FORMATTING: good visuals, with accompanying text explaining them. I agree that they separate the sections pretty well, but it is pretty crazy how much customization Google has. I think it would be a lot easier and manageable if you had smaller headers for each specific feature. It would be easier for the reader to recall all of the things you could do, and make it a better reference if people wanted to come back to your chapter.

    I think you could start a new paragraph in the part about adding sources. The sentences I’m referring to end with “…see their articles often. You can also…”

    WRITING:few random things that could be worded better.

    “One great thing about using Google News if you’re already a Google user is that all of the wonderful Google search operators work on Google News.” things could be rearranged to make it more concise.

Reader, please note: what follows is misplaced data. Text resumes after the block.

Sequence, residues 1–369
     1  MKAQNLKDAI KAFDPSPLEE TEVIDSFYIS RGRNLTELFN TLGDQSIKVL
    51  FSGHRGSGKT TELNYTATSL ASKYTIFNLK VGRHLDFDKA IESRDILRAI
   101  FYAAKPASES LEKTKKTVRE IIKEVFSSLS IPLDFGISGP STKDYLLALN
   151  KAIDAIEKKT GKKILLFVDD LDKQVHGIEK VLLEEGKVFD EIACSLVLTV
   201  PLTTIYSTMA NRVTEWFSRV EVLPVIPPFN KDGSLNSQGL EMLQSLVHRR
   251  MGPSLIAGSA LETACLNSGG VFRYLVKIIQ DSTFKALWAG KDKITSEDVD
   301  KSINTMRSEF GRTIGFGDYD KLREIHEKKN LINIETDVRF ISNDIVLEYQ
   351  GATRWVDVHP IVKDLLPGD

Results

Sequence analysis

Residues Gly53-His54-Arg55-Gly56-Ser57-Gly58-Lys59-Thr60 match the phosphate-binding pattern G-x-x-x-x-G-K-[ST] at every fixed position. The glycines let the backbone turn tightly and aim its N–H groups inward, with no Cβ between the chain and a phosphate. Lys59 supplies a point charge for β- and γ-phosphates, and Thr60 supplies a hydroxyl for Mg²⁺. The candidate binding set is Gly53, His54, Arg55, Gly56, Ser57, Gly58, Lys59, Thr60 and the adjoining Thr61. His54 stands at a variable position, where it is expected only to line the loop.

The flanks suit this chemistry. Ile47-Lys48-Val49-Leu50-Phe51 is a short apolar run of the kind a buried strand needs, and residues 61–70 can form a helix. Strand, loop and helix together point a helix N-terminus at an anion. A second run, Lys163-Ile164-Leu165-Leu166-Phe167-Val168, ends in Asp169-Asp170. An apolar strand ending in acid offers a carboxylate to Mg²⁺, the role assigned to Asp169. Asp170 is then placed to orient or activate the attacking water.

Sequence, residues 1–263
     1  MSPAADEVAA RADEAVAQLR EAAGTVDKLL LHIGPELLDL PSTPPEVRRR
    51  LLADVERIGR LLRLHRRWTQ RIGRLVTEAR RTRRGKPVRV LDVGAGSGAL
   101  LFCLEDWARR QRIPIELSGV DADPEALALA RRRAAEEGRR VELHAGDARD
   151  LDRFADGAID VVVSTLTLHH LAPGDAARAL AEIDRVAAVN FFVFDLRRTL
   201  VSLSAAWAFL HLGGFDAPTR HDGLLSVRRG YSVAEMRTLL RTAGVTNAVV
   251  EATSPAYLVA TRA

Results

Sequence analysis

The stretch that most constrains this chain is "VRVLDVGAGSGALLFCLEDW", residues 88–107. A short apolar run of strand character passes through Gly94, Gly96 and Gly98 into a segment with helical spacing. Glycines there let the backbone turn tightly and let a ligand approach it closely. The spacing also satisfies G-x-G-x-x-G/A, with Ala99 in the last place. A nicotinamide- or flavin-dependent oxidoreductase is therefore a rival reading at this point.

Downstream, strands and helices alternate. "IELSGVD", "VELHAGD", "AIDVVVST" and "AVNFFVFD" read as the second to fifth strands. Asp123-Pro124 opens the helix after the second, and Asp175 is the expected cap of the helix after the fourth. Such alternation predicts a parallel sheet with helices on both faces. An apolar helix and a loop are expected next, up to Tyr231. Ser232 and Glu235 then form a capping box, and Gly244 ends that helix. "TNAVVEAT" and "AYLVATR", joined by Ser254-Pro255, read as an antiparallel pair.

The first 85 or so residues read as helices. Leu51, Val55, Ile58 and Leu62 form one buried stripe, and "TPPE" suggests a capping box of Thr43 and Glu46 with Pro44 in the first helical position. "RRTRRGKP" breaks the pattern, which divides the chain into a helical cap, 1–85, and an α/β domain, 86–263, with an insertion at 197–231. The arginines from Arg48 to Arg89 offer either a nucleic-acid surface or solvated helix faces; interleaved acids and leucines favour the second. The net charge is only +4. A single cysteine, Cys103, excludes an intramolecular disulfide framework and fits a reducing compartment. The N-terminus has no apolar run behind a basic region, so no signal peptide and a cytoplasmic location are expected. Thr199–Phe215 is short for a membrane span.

Maybe something along the lines of: “Great news if you’re already a Google user: all of the wonderful Google search operators work on Google news.”

    LINKS&IMAGES: awesome screenshots. One thing about links… it’s also news.google.com. I checked and either one works. Don’t know if you want to bother mentioning it also.

    INFORMS: I learned a ton about the customization, that was all great. This may just be me, but I really like hearing about the history or origins of tools. I think that’d be a cool paragraph to have, if you can find any information about it.

    EVALUATION: definitely clear why you did it. it was to make it a more useful and customized experience, which makes it efficient and better

    ANALYSIS:definitely did some great analysis of the features. I like how you tailored it to you and added some sources that you would use.

    LENGTH: good length

  3. ahalim on December 3, 2012 at 9:26 pm says:

    Formatting: